The Union does not offer any evidence which refutes the "enhanced safety benefit" of the helmets. On the contrary, it agrees that they provide employees with "some protection." Furthermore, in requiring employees to wear the helmets, the Employer meets its "obligation to provide and maintain a safe and healthful work environment" under Article 24, § 2, of the CBA. It is "practical" for management to comply with that contractual obligation because it minimizes costs related to on-the-job injuries. In addition to its contractual obligation, the Employer has a "moral obligation" to employees and their families to provide them with the "best additional protection" in case of accidents. Moreover, under its proposal, military personnel and unit employees who perform the same job would follow the same work rule on the use of helmets, which would minimize conflict between them and make the administration and enforcement of the work rule simpler. It also was within management’s authority to require unit employees to wear helmets as additional protection under NASWHIDBEYINST 5100.27B, chapter 4, section 2, paragraph 4205, before its proposed change was implemented in January 1996,(5) but the Union never grieved that authority even though it could have under Article 24, § 1, of the CBA.
The Union’s proposal, on the other hand, is "in direct conflict with its [contractual] obligation to cooperate in the continuing effort to eliminate and reduce accidents and health hazards." Also, it mandates a different work rule for unit employees than the one followed by military personnel; this difference (1) "makes [the] administration of workplace rules more difficult, and adversely affects the morale and discipline of workforce employees;" and (2) would create "constant conflict" between military personnel, who make up the great majority of the OMD workforce, and unit employees.
2. The Union’s Position
In essence, the Union proposes that unit employees not be required to wear cranial helmets. It also requests that the Panel "instruct" the Employer that only PPE recognized by OSHA "is required to be worn by civilian employees." While cranial helmets may provide employees with "some protection," there is no "bona fide safety reason" for employees to wear them, particularly given that they do not meet the Navy’s or OSHA’s requirements for fall or head protection. Also, during the 20-plus years when employees did not wear cranial helmets, which preceded the Employer’s implementation of its proposal in January 1996, there was not a single accident where an employee suffered a head injury. Nor were there "problems or conflict" between military personnel and unit employees over the wearing of cranial helmets. Moreover, they are not recognized as providing "adequate protection" and, therefore, are not used in the private aviation industry. Rather, their use may "increase the chances of [employees] being injured or put at risk" because they are "uncomfortable, awkward, and restrict sight, hearing and freedom of movement."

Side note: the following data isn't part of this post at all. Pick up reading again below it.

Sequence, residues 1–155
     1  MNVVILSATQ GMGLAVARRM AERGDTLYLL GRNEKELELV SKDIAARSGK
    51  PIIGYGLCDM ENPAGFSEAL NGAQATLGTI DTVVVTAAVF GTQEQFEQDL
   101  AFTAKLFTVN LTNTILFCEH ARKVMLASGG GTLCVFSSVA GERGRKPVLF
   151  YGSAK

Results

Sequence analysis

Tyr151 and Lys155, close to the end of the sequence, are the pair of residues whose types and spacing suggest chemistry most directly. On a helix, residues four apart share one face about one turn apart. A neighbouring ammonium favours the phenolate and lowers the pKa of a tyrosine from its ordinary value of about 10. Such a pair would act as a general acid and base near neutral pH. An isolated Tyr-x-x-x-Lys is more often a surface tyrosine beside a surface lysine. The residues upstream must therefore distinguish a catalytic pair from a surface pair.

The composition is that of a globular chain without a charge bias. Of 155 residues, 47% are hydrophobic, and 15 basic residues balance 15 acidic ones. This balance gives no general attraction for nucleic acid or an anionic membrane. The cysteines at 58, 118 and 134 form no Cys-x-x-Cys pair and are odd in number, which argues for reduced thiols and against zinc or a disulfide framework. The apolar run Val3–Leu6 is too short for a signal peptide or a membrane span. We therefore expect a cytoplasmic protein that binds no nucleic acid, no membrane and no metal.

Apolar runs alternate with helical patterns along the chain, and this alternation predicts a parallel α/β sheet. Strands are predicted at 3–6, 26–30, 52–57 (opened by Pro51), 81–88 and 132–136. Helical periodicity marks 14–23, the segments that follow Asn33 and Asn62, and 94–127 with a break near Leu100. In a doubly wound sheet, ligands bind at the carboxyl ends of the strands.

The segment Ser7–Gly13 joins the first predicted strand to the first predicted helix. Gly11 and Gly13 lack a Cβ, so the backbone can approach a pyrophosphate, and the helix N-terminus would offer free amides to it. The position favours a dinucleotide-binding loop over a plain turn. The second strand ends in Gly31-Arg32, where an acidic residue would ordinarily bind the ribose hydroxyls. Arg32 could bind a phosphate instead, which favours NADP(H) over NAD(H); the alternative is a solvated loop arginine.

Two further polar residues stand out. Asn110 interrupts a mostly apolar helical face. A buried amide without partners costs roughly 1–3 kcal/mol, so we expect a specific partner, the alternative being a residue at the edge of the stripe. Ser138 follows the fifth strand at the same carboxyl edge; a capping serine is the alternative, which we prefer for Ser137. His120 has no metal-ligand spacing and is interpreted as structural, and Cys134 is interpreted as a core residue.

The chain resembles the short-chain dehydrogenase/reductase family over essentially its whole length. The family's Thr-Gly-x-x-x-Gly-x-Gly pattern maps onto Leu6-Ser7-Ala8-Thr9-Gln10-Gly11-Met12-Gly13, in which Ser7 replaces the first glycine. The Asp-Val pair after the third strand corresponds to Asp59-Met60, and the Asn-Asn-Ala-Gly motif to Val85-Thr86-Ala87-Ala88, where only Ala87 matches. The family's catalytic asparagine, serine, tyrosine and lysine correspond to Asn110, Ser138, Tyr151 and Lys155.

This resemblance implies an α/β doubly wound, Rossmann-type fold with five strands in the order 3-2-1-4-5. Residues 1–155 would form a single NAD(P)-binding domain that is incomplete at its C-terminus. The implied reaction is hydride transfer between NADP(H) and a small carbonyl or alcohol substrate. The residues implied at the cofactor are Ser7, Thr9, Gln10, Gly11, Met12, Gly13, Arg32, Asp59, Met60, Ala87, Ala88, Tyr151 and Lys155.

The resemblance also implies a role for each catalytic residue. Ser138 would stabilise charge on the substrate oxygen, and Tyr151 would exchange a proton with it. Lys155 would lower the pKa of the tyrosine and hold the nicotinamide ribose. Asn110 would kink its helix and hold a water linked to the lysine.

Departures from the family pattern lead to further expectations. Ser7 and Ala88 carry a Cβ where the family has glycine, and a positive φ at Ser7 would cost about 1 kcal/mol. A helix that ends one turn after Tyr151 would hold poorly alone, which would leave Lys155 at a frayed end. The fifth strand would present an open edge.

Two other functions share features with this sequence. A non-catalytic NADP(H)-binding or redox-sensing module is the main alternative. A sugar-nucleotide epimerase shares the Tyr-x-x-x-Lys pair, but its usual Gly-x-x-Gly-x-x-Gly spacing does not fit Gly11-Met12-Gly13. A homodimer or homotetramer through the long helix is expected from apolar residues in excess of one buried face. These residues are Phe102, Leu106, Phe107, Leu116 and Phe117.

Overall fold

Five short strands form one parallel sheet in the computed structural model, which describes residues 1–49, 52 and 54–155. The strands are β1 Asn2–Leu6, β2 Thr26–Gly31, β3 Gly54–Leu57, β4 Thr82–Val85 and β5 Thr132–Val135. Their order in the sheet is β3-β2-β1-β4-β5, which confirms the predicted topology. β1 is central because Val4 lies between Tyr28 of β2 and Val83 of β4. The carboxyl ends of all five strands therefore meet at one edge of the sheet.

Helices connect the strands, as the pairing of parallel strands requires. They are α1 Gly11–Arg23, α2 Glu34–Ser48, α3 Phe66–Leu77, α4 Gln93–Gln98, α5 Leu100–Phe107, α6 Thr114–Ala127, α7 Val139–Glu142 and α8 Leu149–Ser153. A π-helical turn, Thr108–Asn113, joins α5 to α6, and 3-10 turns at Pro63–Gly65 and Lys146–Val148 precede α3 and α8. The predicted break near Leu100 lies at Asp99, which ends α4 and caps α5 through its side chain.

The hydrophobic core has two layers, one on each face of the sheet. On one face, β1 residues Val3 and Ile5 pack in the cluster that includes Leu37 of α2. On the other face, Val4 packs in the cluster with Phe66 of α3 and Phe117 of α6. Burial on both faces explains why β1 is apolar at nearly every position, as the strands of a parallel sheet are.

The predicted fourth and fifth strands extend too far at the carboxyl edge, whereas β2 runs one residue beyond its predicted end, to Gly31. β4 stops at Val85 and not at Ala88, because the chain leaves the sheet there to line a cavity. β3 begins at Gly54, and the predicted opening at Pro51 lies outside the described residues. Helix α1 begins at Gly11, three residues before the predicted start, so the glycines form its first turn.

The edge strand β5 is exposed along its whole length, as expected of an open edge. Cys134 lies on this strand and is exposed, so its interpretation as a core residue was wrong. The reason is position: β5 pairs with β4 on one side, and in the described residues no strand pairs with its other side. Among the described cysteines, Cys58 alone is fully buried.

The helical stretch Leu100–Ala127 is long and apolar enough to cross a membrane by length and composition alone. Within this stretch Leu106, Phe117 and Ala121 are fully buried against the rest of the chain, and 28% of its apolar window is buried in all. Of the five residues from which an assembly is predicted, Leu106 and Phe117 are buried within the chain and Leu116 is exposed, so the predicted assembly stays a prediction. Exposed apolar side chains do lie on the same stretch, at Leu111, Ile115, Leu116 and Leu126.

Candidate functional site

With regard to the Employer’s proposal, while OSHA did not disapprove the use of cranial helmets as added protection, neither did it approve their use for such purpose. It is not necessary for employees to wear cranial helmets now that equipment meeting the OSHA requirement for fall protection is in place, and the possibility of employees falling from elevated surfaces has been "eliminated." The sailor referenced in the Employer’s example would not have fallen in the first place had fall protection (e.g., scaffolding and guardrails) required by OSHA been in place. Moreover, it questions the Employer’s recent concern over employees’ safety given that, before the OSHA complaint was filed, it "provided absolutely no safety equipment." Furthermore, the Employer has changed its position for requiring the use of cranial helmets, which has employees "confused." In this regard, employees were initially led to believe that the helmets were to be used for head and fall protection, and now it is for added protection. This "change in direction" on the part of management "has had a tremendous adverse affect on [employees’] morale," and "seriously shaken" their confidence in management "to make reasonable and responsible decisions" concerning their health and safety. The Union now believes that the real reason the Employer wants unit employees to wear cranial helmets is simply that military personnel are already required to wear them. Finally, since the Employer did not require employees to wear cranial helmets under the previous wording of the local instruction, there was no reason for the Union to file a grievance; the Employer first required unit employees to wear cranial helmets when it unilaterally changed the instruction in January 1996.
Having carefully reviewed the record in this case, we conclude that a modified version of the Union’s proposal should serve as the basis for resolving the parties’ dispute. In the particular circumstances presented, there does not appear to be a need for employees to wear cranial helmets